The start of Term Four for schools in the Australian Capital Territory (ACT) marks the start of over 1,500 tadpoles’ journeys, as they are handed out to teachers participating in the Frogwatch Tadpole Kits for Schools Program.
For the past two days, I have assisted Anke Maria Hoefer of the Ginninderra Landcare Group with preparing and issuing tadpole kits to over thirty early learning centres, pre-schools, primary schools and high schools in the Canberra and Queanbeyan region.
Not all tadpoles will survive this journey, but for the next ten weeks, teachers and students will try their best to raise as many tadpoles as possible through the process of metamorphosis.
Each kit was carefully prepared to contain all the necessities for keeping a tadpole alive long enough to metamorphose into a frog. Such necessities include a tank with ventilated lid, gravel, water conditioner, native aquatic plants, spirulina (yes, tadpoles eat this superfood too!), and of course, the tadpoles. Approximately 6-10 tadpoles were pipetted from a large container into a ziplock bag for each kit.
Over the next ten weeks, the tadpoles in each kit will grow into Spotted Grass Frogs (Limnodynastes tasmaniensis). This species is widespread across the east of Australia.¹ Eggs and tadpoles are found in many waterways such as dams, ponds, lakes and swamps, while adults are terrestrial and can be found in a range of habitats of varying disturbance levels including woodlands and grasslands.²
Tadpoles are not cared for by their parents and have a low survivorship rate due to predation by larger individuals from the same species, or by other aquatic life.³ It is illegal across most of Australia to collect or release tadpoles and frogs into the wild without a permit. The ACT Frogwatch program allow tadpoles to be legally raised so that they have a greater chance of surviving to ‘froghood’ when they can be released back to their place of origin.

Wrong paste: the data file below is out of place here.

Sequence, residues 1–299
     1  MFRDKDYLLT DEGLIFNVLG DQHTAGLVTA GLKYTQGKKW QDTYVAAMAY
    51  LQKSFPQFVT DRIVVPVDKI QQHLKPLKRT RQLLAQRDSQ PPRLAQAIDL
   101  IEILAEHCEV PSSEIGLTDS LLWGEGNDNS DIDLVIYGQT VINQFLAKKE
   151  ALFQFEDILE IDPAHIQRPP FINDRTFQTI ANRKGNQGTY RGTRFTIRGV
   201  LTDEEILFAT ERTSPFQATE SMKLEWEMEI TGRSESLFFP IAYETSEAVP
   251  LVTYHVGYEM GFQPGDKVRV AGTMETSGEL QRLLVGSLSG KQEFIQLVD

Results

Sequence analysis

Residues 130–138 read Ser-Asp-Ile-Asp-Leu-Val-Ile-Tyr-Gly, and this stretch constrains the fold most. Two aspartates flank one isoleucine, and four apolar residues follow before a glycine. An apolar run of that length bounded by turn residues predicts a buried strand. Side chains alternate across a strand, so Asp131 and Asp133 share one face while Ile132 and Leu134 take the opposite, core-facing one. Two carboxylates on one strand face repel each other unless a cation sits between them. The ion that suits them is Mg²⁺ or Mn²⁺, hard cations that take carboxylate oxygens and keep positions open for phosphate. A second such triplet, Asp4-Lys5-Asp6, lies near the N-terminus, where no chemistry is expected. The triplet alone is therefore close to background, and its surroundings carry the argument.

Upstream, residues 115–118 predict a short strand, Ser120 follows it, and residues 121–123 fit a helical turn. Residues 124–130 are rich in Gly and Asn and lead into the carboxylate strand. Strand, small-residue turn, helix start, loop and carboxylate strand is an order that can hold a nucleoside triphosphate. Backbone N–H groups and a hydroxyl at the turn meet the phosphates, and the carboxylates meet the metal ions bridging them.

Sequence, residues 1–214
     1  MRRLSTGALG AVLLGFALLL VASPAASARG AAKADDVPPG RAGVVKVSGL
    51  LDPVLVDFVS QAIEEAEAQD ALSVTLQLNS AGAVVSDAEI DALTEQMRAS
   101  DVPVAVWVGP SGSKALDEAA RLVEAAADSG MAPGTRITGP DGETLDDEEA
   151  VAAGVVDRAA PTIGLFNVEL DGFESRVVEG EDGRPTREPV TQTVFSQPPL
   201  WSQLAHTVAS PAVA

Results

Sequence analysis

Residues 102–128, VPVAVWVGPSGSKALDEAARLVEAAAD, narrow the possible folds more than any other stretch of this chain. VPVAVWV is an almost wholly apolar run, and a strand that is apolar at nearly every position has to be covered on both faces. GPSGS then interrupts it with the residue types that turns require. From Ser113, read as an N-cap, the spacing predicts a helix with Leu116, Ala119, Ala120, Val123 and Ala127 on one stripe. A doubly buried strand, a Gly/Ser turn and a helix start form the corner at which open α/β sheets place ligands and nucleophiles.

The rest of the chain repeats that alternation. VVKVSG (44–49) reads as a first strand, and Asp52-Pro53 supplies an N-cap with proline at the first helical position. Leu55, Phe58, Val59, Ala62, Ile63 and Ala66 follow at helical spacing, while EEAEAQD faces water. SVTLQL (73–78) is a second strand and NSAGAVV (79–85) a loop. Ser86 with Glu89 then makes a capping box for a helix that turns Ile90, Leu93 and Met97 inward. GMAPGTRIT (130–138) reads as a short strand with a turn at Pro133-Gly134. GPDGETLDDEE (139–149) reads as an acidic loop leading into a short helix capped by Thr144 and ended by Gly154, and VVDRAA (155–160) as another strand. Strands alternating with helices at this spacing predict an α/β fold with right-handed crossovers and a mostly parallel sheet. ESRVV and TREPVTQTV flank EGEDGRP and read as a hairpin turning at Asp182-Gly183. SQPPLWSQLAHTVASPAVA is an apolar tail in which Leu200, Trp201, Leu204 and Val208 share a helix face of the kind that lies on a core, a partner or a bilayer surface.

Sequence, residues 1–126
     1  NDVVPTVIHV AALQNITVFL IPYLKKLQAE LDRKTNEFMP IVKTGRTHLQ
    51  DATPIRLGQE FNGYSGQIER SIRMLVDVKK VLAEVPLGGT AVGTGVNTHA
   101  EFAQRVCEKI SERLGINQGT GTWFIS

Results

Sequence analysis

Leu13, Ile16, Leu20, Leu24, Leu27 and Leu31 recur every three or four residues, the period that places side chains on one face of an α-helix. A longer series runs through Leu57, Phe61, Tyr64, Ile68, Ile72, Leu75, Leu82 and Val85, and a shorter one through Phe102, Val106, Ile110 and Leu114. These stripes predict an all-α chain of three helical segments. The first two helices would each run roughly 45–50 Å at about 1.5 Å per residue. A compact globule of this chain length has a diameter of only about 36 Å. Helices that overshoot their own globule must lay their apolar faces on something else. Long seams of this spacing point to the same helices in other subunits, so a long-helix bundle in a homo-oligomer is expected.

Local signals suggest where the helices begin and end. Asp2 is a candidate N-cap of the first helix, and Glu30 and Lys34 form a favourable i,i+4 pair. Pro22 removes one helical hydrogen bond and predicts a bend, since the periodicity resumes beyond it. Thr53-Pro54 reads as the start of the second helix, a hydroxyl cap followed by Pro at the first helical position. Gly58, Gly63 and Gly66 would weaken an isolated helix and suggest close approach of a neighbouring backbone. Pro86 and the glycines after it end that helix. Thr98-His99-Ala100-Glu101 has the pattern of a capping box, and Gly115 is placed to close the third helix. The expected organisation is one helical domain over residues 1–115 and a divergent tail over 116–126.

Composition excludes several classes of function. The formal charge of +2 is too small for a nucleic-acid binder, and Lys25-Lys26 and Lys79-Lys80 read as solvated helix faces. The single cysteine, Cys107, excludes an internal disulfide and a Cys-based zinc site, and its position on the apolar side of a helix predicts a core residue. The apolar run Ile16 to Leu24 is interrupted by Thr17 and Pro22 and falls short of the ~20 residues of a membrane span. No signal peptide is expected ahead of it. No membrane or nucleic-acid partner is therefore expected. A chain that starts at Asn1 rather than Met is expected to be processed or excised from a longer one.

Frog species across Australia are declining due to habitat loss and degradation, water pollution, introduced species, salinity and climate change.⁴ While the Spotted Grass Frog is not itself threatened, all frogs play an important role in wetland conservation. Frogs have moist, permeable skin that absorb all of the nutrients and the impurities in our waterways.⁵ As such, they detect and provide vital information on ecosystem health. Frogs also control algae and insect levels through feeding, and are an important source of food for other species.⁶ Frogs that are raised in this program are released back to the collection site and provide lasting benefits for its habitat.
The best part of the ACT Frogwatch Program, however, is that it is a powerful community education tool that promotes awareness about the importance of caring for our waterways. Through the exercise, students and teachers gain an appreciation of the life cycle of amphibians, the complexity of our ecosystems and how our actions in daily life affect the environment around us.
– Phoebe Worth u5801333
³ Wilson, N., Seymour, J. & Williams, C. 2015. Predation of two common native frog species (Litoria ewingi and Crinia signifera) by freshwater invertebrates. Australian Journal of Zoology, 62(6):483-490.
⁵ Burkhart, J., Ankley, G., Bell, H., Carpenter, H., Fort, D., Gardiner, D., Gardner, H., Hale, R., Helgen, J., Jepson, P. & Johnson, D. 2000. Strategies for assessing the implications of malformed frogs for environmental health. Environmental Health Perspectives, 108(1): 83.
⁶ Campbell, A. 1999. Declines and disappearances of Australian frogs. Biodiversity Group, Environment Australia.